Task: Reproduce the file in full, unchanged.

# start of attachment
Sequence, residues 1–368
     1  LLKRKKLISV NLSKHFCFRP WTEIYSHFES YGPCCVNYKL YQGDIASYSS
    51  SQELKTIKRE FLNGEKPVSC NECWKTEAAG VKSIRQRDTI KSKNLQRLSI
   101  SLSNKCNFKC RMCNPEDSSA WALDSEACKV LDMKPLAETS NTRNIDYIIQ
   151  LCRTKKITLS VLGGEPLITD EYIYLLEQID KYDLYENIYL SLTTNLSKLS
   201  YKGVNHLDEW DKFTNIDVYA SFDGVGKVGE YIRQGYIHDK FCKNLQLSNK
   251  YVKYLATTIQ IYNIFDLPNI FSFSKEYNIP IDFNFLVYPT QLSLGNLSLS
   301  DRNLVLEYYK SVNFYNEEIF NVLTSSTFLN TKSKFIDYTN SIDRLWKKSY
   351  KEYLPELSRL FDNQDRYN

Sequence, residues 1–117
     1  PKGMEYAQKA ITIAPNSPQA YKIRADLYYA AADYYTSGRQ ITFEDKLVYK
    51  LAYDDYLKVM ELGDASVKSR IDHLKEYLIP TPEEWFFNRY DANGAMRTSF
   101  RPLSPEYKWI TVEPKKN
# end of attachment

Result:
Sequence, residues 1–368
     1  LLKRKKLISV NLSKHFCFRP WTEIYSHFES YGPCCVNYKL YQGDIASYSS
    51  SQELKTIKRE FLNGEKPVSC NECWKTEAAG VKSIRQRDTI KSKNLQRLSI
   101  SLSNKCNFKC RMCNPEDSSA WALDSEACKV LDMKPLAETS NTRNIDYIIQ
   151  LCRTKKITLS VLGGEPLITD EYIYLLEQID KYDLYENIYL SLTTNLSKLS
   201  YKGVNHLDEW DKFTNIDVYA SFDGVGKVGE YIRQGYIHDK FCKNLQLSNK
   251  YVKYLATTIQ IYNIFDLPNI FSFSKEYNIP IDFNFLVYPT QLSLGNLSLS
   301  DRNLVLEYYK SVNFYNEEIF NVLTSSTFLN TKSKFIDYTN SIDRLWKKSY
   351  KEYLPELSRL FDNQDRYN

Sequence, residues 1–117
     1  PKGMEYAQKA ITIAPNSPQA YKIRADLYYA AADYYTSGRQ ITFEDKLVYK
    51  LAYDDYLKVM ELGDASVKSR IDHLKEYLIP TPEEWFFNRY DANGAMRTSF
   101  RPLSPEYKWI TVEPKKN